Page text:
The chapters themselves approach the Anglo-Saxon will on a broad front. Chapter two, in particular, is of great interest since it looks at the processes behind the making of wills, rather than the text themselves. Here Tollerton explores a world of intersecting social networks, lay and ecclesiastical, as well as an increasingly (during the tenth century) hegemonic monastic church. We also get a discussion of the various stages in the production of the will, whether a single item or multi-item bequest; from the disposition made in advance of mortal illness, the deathbed bequest, and the processes of contestation and confirmation that often followed the death of the testator. Crucially, Tollerton allows us to see the will in a dynamic framework, rather than simply as a documentary snapshot; while wills did not seem to have the evidential force of a solemn diploma, for instance, they seem to have spoken to future audiences, as well as present. Inevitably, perhaps, there is a Fenland character to this chapter, since it is the material produced during the 11th and 12th centuries in the great Fenland houses of Ramsey and Ely, whether the Liber Elienisis or the Chronicon Abbatiae Rameseiensis that provides the bulk of the narratives concerning processes, rather than the texts themselves. The refoundation of these abbeys as part of the Aethelwoldian familia may have created very specific circumstances concerning commemoration and bequest in this part of eastern England during the later tenth and eleventh centuries, but even so they provide a window into a lively and competitive local society, one in which testamentary disposition loomed large.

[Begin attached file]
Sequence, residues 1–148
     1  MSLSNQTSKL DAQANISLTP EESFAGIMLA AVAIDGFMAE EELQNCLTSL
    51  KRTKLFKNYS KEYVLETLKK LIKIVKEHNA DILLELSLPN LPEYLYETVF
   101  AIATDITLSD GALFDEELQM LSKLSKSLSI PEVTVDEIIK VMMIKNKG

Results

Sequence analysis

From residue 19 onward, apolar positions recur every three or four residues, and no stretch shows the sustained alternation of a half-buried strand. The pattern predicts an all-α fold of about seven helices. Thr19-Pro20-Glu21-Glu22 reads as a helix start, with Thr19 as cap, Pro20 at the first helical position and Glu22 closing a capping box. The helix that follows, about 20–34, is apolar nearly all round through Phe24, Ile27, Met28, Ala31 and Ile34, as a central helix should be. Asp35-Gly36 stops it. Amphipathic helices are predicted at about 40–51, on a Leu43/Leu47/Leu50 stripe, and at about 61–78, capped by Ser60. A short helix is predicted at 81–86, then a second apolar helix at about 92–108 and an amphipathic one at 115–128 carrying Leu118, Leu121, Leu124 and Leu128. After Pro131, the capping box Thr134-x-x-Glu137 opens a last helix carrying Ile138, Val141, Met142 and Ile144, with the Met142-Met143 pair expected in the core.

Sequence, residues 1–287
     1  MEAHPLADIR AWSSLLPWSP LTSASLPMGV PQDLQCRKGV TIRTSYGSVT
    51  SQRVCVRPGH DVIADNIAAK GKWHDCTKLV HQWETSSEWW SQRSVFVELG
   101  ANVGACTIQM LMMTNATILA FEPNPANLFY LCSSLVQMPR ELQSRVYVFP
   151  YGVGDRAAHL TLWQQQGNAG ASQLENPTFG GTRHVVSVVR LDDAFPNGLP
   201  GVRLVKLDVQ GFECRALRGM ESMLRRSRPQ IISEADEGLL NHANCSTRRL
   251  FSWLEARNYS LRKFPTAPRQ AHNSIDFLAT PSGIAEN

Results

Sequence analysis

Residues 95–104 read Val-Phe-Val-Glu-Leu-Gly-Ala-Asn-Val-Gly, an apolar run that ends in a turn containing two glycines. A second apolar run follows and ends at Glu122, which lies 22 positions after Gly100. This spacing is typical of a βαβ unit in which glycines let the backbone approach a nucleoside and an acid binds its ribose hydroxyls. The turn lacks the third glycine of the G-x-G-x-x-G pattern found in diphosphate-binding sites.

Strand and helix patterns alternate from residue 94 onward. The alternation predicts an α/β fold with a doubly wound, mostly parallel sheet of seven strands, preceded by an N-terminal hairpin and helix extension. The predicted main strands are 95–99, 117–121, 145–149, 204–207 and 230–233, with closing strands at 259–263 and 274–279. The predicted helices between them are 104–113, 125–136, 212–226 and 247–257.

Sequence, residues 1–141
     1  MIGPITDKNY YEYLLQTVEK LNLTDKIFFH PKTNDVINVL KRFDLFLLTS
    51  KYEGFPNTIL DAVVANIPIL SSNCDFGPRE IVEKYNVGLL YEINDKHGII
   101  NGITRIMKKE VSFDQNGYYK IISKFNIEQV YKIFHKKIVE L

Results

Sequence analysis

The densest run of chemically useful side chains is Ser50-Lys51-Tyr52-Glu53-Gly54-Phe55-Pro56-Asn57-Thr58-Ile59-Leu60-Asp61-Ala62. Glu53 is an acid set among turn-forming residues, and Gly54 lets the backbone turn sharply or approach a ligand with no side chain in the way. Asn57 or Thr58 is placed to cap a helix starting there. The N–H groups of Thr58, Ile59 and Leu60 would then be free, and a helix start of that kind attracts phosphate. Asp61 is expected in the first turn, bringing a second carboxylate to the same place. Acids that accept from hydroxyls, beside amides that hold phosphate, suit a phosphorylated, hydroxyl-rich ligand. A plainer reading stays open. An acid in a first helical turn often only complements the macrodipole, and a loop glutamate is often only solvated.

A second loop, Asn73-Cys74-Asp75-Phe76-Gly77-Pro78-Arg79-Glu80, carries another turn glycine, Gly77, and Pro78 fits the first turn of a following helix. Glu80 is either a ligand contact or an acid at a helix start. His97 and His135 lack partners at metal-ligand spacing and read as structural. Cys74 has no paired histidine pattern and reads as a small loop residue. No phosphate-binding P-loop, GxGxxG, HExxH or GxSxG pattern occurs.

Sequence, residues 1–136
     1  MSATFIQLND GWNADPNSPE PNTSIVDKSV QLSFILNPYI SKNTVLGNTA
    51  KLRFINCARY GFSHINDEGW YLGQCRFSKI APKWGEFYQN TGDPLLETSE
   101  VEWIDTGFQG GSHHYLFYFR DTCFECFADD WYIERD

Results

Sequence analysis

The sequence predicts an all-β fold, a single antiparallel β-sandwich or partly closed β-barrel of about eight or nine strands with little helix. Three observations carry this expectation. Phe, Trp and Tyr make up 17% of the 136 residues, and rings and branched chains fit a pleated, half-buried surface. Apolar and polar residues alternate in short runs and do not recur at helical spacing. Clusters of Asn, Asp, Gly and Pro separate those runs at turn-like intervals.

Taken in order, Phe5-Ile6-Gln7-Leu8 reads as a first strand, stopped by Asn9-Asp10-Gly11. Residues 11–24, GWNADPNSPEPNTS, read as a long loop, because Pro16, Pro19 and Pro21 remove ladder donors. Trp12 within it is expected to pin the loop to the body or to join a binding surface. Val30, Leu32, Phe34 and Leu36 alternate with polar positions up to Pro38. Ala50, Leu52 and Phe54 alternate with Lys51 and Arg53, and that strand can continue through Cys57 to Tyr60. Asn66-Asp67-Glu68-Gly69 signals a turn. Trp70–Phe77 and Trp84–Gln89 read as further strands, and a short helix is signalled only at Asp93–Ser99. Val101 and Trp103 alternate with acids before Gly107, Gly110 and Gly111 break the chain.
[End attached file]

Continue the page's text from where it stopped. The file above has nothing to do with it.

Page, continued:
Subsequent chapters look at wills in an explicitly political context (Chapter 3), as well as evidence for the land strategies of great and the good of the tenth century. Chapter 3 provides some useful synopses of the royal wills from Alfred onwards, in particular the very interesting and rather understudied will of the Aetheling Aethelstan, eldest son of Aethelred "the Unready," who died in 1014. Again, Tollerton provides the signal service of placing the wills in a much wider political context, seeing wills as an integral part of the way in which Alfred's dynasty and, more broadly, the landed elite of the tenth century sought to husband and manipulate their landed resources.